It's Freezing Outside. What Does That Mean For Crime?

Some good news for you: Crimes drops in cold weather.

"When autumn comes, it doesn't ask. It just walks in, where it left you last," John Mayer once sang, bemoaning the onset of cold weather. "And you never know, when it starts until there's fog inside the glass around your summer heart."

But that glass-encased heart is at least safer in winter because crime drops across the board. Yes, almost every kind of common crime decreases with temperatures. Household burglary? Down 11%. Aggravated assault? Down 7%. Rape and sexual assault? Down 9%. Domestic violence? Down 12%.


Why does crime go down in winter?

There are a few theories:

  • The Routine Activities Theory - In the summer, more people go outside, creating more opportunity for crime. This theory is backed up anecdotally by recent stories about warm weather coinciding with violent weekends in New York and Chicago. In fact, one researcher predicted that increased temperatures resulting from climate change will cause 30,000 more U.S. homicides over the next 90 years.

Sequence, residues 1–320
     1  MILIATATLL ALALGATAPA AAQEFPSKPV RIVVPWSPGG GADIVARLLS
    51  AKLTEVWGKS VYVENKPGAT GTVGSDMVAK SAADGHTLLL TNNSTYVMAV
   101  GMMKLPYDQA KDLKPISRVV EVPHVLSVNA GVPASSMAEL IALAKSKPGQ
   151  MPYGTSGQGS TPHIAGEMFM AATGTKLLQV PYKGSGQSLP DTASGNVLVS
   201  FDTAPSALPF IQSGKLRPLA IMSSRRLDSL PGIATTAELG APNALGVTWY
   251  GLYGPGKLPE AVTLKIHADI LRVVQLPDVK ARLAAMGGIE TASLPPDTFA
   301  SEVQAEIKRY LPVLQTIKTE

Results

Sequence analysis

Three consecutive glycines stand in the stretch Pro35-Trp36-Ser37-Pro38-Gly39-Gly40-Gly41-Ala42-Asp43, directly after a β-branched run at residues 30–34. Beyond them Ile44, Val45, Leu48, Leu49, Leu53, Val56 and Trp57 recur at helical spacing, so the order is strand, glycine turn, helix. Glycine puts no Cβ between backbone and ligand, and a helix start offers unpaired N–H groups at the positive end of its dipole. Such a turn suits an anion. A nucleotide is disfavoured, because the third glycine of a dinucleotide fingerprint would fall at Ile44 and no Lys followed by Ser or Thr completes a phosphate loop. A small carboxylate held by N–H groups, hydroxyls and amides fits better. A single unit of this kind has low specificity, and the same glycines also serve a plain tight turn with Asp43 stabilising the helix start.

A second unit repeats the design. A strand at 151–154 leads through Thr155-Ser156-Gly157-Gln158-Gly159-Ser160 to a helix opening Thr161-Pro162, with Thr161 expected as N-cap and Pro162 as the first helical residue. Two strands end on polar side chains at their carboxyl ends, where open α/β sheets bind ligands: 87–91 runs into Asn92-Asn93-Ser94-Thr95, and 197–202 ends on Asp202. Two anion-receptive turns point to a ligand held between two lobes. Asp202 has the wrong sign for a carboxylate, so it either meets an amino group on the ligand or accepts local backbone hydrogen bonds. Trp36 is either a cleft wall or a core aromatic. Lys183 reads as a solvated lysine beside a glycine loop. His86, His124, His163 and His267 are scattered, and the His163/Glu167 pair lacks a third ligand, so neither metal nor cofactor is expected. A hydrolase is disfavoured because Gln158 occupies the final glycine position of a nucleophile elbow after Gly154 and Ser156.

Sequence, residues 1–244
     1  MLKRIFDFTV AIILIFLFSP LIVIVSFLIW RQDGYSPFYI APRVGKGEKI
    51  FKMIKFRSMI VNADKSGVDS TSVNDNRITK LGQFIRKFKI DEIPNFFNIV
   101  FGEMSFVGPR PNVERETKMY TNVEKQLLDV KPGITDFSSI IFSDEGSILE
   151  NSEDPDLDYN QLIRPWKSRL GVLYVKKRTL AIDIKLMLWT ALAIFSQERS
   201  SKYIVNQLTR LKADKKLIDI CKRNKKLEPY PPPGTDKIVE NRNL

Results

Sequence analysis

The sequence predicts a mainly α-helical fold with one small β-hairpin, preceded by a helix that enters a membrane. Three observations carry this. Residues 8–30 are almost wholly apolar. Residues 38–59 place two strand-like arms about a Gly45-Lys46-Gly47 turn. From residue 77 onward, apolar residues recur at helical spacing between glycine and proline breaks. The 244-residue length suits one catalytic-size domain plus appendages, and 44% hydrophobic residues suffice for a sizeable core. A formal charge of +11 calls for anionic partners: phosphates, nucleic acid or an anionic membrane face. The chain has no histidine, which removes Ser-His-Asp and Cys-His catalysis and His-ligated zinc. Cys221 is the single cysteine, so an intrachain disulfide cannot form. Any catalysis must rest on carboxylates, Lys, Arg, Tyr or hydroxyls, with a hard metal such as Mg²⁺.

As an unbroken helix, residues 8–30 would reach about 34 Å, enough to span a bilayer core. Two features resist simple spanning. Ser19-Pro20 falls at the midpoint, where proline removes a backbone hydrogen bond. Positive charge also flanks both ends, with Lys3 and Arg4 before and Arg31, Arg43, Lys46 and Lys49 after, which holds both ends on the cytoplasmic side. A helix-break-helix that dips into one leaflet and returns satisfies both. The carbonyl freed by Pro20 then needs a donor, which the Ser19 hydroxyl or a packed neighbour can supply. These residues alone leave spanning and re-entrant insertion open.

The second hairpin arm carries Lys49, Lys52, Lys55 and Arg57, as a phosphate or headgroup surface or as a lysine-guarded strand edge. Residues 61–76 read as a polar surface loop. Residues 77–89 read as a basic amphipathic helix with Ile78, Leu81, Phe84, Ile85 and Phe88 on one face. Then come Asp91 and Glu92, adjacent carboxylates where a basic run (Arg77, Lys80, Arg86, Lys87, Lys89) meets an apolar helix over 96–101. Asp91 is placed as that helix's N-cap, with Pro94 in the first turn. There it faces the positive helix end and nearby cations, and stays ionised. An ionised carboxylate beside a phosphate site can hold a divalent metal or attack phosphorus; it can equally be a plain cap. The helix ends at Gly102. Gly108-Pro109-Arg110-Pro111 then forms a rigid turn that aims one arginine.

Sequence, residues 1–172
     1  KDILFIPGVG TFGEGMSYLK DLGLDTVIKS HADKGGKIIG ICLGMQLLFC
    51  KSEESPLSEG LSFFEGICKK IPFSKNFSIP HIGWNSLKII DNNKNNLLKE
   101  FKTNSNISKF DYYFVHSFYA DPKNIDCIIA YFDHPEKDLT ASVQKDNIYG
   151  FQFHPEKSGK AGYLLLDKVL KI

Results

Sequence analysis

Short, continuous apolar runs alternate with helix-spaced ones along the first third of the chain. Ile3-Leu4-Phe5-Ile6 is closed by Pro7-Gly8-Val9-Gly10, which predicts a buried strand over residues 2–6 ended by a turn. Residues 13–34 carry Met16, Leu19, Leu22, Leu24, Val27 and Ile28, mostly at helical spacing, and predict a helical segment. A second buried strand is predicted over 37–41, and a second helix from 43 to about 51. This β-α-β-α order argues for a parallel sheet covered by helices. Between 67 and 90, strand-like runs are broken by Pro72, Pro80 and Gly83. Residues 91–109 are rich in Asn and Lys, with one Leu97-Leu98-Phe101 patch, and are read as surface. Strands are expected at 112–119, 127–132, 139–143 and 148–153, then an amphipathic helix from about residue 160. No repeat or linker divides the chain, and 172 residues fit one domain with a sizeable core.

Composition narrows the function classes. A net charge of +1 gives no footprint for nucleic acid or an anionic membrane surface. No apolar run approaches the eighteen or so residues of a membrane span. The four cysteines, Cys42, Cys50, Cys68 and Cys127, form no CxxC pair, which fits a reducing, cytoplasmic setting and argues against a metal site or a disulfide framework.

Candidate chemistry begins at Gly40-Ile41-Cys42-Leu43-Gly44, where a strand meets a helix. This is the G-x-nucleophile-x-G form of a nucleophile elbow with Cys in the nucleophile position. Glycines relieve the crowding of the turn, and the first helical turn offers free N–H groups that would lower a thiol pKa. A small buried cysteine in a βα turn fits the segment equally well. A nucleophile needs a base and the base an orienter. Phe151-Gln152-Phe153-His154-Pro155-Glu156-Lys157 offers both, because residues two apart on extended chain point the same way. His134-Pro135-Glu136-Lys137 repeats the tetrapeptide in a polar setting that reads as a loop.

• Hot weather makes you angry - Hot weather increases your body temperature and leads to increased heart rate, circulation, and testosterone production.
  • Kids are out of school - Crime committed by teenagers decreases in the colder months when they are in school and not left to their own devices. This is why community groups have pushed school districts to provide after-school programs to keep kids busy.

December is a slight outlier

This also makes sense: With the pressure of holiday shopping, there is a slight spike in crime in December as people try to make their Christmas shopping lists a bit more budget-friendly with some old fashioned shoplifting.

So, be safe this holiday season. And don't steal.